Global Cooperation Enhances Space Flight Research

Before the April 17 launch of Neurolab, the 16-day space shuttle Columbia flight during which 26 studies of the nervous system would be conducted, researchers differed in opinion concerning the microneurography experiment. Either the thin needle placed in a nerve just below the knee of an astronaut would show that electrochemical signals were being transmitted normally from brain to blood vessels via the autonomic nervous system, or the nerve activity would be greater in microgravity than on Ea

Steve Bunk
Jun 7, 1998
Before the April 17 launch of Neurolab, the 16-day space shuttle Columbia flight during which 26 studies of the nervous system would be conducted, researchers differed in opinion concerning the microneurography experiment. Either the thin needle placed in a nerve just below the knee of an astronaut would show that electrochemical signals were being transmitted normally from brain to blood vessels via the autonomic nervous system, or the nerve activity would be greater in microgravity than on Earth, or it would decrease during space flight and the experiment wouldn't work at all. Astronaut James A. Pawelczyk, an assistant professor of kinesiology and physiology at Pennsylvania State University and a coinvestigator for this particular experiment, would be the one to insert the needle.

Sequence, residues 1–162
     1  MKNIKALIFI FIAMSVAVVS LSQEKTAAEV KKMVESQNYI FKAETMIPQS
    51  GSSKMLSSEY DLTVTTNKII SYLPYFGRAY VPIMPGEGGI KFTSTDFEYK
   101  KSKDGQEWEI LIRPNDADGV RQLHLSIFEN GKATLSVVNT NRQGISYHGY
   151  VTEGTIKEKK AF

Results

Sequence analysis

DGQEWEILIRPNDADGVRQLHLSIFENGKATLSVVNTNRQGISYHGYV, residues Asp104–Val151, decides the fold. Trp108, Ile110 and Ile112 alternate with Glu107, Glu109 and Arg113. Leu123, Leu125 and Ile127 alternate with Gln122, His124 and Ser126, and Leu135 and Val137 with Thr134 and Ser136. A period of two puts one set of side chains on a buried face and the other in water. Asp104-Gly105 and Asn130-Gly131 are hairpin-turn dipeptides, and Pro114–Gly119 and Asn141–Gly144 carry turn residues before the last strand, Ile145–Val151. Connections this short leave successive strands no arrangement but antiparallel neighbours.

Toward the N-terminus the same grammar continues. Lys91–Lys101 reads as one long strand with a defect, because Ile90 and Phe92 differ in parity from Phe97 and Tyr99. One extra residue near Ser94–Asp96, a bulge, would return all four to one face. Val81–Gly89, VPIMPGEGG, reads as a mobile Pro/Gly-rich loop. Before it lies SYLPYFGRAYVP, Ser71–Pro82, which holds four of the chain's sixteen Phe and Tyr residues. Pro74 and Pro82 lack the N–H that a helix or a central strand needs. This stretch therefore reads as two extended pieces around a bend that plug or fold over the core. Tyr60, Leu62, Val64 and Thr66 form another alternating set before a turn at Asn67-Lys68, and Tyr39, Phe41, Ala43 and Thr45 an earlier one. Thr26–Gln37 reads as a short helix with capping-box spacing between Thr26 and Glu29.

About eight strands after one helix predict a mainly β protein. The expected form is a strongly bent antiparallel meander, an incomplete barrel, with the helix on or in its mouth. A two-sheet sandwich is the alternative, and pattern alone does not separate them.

PLAYING CATCH: A spring-loaded apparatus measures the anticipatory contraction of James A. Pawelczyk's muscles as he prepares to catch a ball descending in microgravity.
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